I grew up believing in caring and valuing others. It has only been in the last few years that I have entertained, let alone embraced the concept of caring for myself: of valuing myself, being kind to myself, treating myself with respect.
I can’t help thinking that this is something I had been longing for at a very deep level since childhood but couldn’t articulate. And now I am free to acknowledge that I need care – and that I have a responsibility to take care of my needs. But not just my needs – my desires, my dreams, the things I value – I have a responsibility of care for those things too. And it is not onerous, it’s a joy, a priviledge to take delight in my own dreams and goals, just as I would the dreams, goals and values of someone else I care about.
Taking time for me reminds me that I too am of value and need to be loved and cherished. And I can love and cherish the little girl I carry inside in a way that perhaps she wasn’t. I can do those things for her that my family and friends were unable to do – I can listen and give her time and attention and care. I can value and honour the little girl I carry inside. I can acknowledge her, and treasure her, and love her.
And I can remember that I am she – and I too deserve the respect, and love and care, the kindness and value and acknowledgement that I offer to others.
These past couple of weeks I’ve been working through some stuff. I discovered that a friend had died last year; then I discovered that he’d committed suicide; then my husband’s brother’s best friend died last weekend (had a heart condition and didn’t wake up); was talking to a friend at work and she was telling me about 2 friends of hers, brothers of 17 and 19 that were in hospital after a car accident (they’d hit a tree) so I thought speed was involved and wondered if alcohol and/or drugs had also had an impact – well speed was certainly a factor it turned out. She told me this on Tuesday morning – both brothers in critical condition with the elder brother (the driver) not expected to live. That night he died – she came to work the next day and was a mess. She’s only 19 herself and I guess this is the first friend of her age who’s died. She went home and cried for several days. On Thursday evening I caught up with an old friend, we’d been drinking buddies from way back, and he shared with me about how tough this year has been for him. He lives on his own in a neighbourhood where I also lived alone (before I met my husband) and we are pretty honest with each other. He was telling me about how depressed he’s been this year, about a boss who bullied him, about drinking most nights, not looking after himself, not taking his drugs, not doing any housework…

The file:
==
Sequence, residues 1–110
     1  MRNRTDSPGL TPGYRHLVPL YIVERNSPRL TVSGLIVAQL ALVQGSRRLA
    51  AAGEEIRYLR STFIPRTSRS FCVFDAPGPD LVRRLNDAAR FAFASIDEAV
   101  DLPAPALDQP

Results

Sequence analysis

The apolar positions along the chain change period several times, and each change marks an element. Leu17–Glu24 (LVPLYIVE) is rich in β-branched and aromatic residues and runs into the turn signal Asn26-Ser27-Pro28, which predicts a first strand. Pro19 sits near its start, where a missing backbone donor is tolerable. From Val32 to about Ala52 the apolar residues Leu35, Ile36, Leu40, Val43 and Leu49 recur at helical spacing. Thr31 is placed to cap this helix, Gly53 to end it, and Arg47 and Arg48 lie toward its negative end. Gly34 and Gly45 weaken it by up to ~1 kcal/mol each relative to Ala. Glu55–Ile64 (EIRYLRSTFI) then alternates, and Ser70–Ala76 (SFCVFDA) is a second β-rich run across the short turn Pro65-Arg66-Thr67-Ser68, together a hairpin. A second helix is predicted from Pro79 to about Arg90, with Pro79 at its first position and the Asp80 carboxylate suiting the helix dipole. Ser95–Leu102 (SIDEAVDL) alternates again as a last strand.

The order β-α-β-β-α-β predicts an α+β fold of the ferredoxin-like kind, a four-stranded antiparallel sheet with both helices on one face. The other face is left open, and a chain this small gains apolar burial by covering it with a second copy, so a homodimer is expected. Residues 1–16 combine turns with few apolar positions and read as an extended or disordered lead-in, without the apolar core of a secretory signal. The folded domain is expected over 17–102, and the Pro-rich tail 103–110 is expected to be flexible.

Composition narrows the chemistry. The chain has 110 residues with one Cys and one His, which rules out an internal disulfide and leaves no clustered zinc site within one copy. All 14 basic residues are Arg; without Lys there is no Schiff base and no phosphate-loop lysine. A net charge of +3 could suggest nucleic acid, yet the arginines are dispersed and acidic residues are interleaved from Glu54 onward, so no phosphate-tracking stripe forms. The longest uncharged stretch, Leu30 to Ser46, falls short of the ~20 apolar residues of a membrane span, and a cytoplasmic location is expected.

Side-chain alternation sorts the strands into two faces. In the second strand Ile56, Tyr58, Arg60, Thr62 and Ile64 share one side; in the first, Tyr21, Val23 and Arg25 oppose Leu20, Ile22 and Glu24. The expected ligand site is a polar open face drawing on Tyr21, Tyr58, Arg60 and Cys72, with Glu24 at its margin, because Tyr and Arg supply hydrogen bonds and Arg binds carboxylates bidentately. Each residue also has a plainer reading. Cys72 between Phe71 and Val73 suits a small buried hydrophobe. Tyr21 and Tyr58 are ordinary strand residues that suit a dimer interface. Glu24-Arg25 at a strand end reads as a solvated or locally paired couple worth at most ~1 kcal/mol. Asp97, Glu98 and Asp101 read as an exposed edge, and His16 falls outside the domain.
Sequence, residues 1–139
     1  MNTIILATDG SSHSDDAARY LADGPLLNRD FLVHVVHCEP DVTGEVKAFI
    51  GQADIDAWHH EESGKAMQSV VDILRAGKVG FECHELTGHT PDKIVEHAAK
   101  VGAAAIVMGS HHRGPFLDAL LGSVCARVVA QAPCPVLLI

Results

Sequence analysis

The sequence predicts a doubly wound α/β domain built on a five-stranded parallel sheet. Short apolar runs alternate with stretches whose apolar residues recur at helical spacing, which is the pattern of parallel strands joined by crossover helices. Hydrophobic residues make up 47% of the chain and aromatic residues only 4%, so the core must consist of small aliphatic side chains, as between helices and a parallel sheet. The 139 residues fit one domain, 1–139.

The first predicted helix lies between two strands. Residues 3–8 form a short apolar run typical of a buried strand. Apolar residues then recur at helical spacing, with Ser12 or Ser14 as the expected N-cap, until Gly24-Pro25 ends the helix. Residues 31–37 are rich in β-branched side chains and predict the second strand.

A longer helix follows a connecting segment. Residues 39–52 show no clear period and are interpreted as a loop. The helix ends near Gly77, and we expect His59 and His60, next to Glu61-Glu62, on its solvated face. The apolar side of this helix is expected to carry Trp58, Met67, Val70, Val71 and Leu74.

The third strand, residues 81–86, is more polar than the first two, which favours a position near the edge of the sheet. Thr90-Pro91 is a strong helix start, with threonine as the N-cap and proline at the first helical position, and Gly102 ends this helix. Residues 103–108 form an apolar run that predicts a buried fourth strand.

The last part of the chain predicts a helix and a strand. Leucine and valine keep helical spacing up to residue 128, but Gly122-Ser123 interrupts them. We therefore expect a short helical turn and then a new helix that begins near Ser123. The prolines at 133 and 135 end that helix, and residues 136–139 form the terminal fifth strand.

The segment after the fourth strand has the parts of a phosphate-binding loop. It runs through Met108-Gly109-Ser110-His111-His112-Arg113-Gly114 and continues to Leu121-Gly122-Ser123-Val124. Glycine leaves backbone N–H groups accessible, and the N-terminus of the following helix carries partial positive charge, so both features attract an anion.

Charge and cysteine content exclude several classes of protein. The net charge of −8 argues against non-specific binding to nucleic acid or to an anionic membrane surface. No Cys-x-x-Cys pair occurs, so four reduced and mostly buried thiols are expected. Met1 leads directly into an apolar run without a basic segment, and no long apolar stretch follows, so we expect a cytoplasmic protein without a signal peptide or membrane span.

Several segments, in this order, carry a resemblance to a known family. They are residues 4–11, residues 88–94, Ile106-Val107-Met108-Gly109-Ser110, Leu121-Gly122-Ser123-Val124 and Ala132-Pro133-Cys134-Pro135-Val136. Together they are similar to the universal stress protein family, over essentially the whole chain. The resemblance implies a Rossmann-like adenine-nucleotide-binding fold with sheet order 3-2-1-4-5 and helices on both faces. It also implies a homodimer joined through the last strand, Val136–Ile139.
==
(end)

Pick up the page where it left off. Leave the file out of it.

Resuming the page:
And I’ve been thinking – Graham died and I didn’t know. Phil is depressed and I DO know. I could help – or at least provide a helping hand. And if that means he has less reason or inclination to commit suicide, then it’s worth the effort.
For the past 4 – 5 months my house has not been really clean. I started the gardening business and was too tired to clean after I’d gardened (or – I didn’t care enough to do housework when I got home after gardening) – so my husband did the washing and tidied the kitchen most days. I haven’t done much in the way of housework for months.